Seed Rounds give startup companies that first validation that they are investible. Getting through the process is both an art, a science, and a test in perseverance.
Most preparatory training follows a static prescription of logical steps, while the reality is quite different. Entrepreneurs have to make a memorable impression, one that does not evaporate as soon as the next presentation starts. Essentially, the presentation needs to be in a story format that will enable the investors can share with others in their group and outside their group.
Secondly, entrepreneurs will need to convey that they have the right mix of industry knowledge, experience, vision, and leadership to succeed in developing and deploying a “new” product.
Third, the investors must buy into the confidence and belief that this startup team has the temperament, tenacity, and passion to persevere through the challenging times that lay ahead.
But this campaign also needs a funding partner. Entrepreneurs in many cities start their journey with their local angel investors and it’s the best place for building a team of advisors and investors who will help the management team build and operate a startup company.
Scott Jacobs, Executive Director of the Queen City Angels in Cincinnati, Ohio, pulls back the curtain in a wide-open conversation about:
The startup ecosystem in Cincinnati
Leveraging a relationship with local corporations
The startup selection and qualification process
The structure of the fund
The investment approval process
However, this conversation goes into another dimension as we explore the type of individuals who join the Queen City Angels. Scott discusses their motivations, and the programs to train new members on contributing to the startup community.
0:00.00.0 Jim: I want to welcome you to the show, it’s good to see you, and I’ve known you and Tony for a long time, and Queen City angels and since he has a special place in my heart because I attended the University of Cincinnati. And in fact, some of the experiences I had there with the co-operative work-study program were absolutely critical in the career direction I took, my first job was as a kind of an apprentice computer programmer many years ago at NCR. But that had a very significant impact in the direction I took so, as I said, since a great place, universal experience for me, and I’m glad to have you here, and I’ll start by saying that if you can give an overview of the startup ecosystem in Cincinnati.
0:00:42.2 Scott Well, thank you very much, Jim. I appreciate you having me on your show. This Cincinnati ecosystem, I think is very robust. What we found over the last 15 years, in particular, is that really for an ecosystem to be very robust, you have to have the corporations involved in one shape, way, shape, or form, and we had McKenzie come in into a study on our local ecosystem, probably 15 years ago, 13 years ago, and they said, one of the problems that were Cincinnati was faced with is we have an abundance of Fortune 500 companies here in Cincinnati, and they were not heavily involved in the local entrepreneurial ecosystem, and lo and behold, probably seven or eight years later, we did the same study with McKenzie and they said, Hey, the large corporations are not heavily involved in the ecosystem and nothing can really change, and a lot of that’s changed for the last five years. There was an organization that was started up as a cooperative with Kroger and P and G’s called sentries, they created a fund of funds, and that’s helped to jump-start the ecosystem, we’ve seen numerous accelerators get started here, Urban accelerators, more lifestyle or of the accelerators, women accelerators.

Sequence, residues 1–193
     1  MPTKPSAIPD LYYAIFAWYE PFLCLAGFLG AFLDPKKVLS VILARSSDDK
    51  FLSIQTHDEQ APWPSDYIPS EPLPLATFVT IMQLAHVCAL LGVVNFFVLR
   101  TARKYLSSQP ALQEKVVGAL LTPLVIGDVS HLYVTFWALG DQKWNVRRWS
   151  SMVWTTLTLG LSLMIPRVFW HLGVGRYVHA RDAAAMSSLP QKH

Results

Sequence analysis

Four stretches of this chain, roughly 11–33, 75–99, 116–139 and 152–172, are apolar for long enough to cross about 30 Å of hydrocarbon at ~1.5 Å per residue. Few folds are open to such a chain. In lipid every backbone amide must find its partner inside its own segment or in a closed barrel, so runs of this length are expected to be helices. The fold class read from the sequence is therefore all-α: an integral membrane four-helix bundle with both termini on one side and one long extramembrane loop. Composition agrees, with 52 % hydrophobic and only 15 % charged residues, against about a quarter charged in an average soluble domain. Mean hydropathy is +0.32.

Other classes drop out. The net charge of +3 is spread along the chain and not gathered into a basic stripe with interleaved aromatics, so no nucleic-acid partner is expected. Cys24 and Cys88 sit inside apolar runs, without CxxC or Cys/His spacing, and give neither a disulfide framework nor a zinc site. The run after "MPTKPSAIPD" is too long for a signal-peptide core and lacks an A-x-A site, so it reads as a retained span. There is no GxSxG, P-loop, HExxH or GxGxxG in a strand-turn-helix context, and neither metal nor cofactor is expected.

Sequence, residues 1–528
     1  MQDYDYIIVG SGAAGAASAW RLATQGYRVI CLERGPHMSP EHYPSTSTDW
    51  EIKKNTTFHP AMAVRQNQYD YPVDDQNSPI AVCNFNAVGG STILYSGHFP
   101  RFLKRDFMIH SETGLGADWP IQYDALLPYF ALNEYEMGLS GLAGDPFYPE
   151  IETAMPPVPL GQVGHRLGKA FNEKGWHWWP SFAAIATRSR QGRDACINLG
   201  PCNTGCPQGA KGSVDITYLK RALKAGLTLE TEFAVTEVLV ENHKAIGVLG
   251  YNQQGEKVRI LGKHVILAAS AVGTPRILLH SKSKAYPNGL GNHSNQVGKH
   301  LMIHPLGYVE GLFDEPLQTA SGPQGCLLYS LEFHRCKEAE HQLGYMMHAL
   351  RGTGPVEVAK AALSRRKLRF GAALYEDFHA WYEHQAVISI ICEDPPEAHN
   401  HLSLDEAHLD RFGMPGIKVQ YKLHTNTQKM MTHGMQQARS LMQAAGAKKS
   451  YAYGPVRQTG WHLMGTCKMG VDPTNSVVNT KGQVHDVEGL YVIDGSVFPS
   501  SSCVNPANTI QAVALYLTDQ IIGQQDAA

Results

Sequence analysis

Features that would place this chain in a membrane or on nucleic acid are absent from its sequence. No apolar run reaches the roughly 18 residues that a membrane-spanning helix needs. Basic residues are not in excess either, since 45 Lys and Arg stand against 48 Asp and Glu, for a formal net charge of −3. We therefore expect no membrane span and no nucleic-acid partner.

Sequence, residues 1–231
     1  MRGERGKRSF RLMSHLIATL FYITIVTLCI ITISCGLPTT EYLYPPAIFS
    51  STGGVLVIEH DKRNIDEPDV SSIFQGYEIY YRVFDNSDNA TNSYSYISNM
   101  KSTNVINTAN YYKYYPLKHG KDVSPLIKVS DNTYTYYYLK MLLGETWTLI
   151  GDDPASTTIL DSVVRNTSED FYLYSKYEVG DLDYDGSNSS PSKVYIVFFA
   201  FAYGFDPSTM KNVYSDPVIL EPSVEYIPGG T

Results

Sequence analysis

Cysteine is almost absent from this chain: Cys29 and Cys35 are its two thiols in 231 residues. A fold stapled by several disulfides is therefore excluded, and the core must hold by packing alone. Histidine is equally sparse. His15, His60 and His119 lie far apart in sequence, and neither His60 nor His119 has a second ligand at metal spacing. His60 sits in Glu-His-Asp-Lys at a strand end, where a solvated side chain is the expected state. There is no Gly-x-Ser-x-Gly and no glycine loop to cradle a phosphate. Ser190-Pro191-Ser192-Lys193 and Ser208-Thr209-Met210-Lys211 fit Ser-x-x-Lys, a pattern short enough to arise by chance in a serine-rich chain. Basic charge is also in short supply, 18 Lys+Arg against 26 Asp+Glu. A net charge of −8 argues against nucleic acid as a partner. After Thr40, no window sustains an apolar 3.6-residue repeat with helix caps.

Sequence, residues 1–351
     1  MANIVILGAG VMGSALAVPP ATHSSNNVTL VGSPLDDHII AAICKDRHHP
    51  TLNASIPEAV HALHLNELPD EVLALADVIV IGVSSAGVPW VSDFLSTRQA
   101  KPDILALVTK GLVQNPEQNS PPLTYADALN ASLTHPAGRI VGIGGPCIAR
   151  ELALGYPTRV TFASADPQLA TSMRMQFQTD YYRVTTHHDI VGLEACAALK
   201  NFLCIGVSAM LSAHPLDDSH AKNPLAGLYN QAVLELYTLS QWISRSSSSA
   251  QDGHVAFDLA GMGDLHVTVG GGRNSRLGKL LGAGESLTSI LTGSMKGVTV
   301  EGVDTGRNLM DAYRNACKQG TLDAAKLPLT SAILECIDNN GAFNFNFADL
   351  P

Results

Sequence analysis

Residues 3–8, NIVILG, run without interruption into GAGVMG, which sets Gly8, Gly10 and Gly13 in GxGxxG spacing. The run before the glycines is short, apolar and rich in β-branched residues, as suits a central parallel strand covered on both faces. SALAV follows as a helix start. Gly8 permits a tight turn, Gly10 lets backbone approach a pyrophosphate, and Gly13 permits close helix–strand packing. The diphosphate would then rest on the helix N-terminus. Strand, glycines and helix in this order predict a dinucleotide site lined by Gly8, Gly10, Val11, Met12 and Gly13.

0:02:09.1 Scott So the universities all have strong entrepreneurial programs in this region, so there’s a lot of activity and a lot of interest in the space, but I think a lot of work to do still, and I think Cincinnati has always suffered from being understated for a long time, people around here in Cincinnati would say, We’re the best-kept secret in the country. Well, I’m a marketing guy, you can’t be a best-kept secret in today’s high profile world, so I think that there are great opportunities here, it is a very easy place to navigate, you can get virtually anywhere within 20 minutes or half an hour, the cost of housing here is fantastic. It’s just amazing. And there are some of the opportunities with the large corporations where they’re really getting involved in the space more and more now, they’re looking in the venture space, they’re looking at how to be a little bit more entrepreneurial, we’ve been doing programs at Queen City Angels with Procter and Gamble for a few years now, and a large corporation like that, you would think that they would not have a whole lot of interest in the entrepreneurial space, but you think about the large corporations, they’ve gotta be entrepreneurial these days too…
0:03:26.1 Scott Yeah, I take a look at what Kroger has done with the covid crisis. Absolutely fantastic. You weren’t able to just drive to the store and pick up groceries before, what’s happened here in our current Covid-19 situation, Kroger really accelerated what they need to do in order to accommodate or the digital consumer world.
0:03:47.9 Jim That’s interesting, so you have the bigger corporations, they’re being Kroger, very lack grocery chain, who is I’ve heard reinvented themselves, as well as the big P and G protein gamble and a number of other mid-sized moderate-sized public corporations who are now participating to develop the entrepreneurial ecosystem.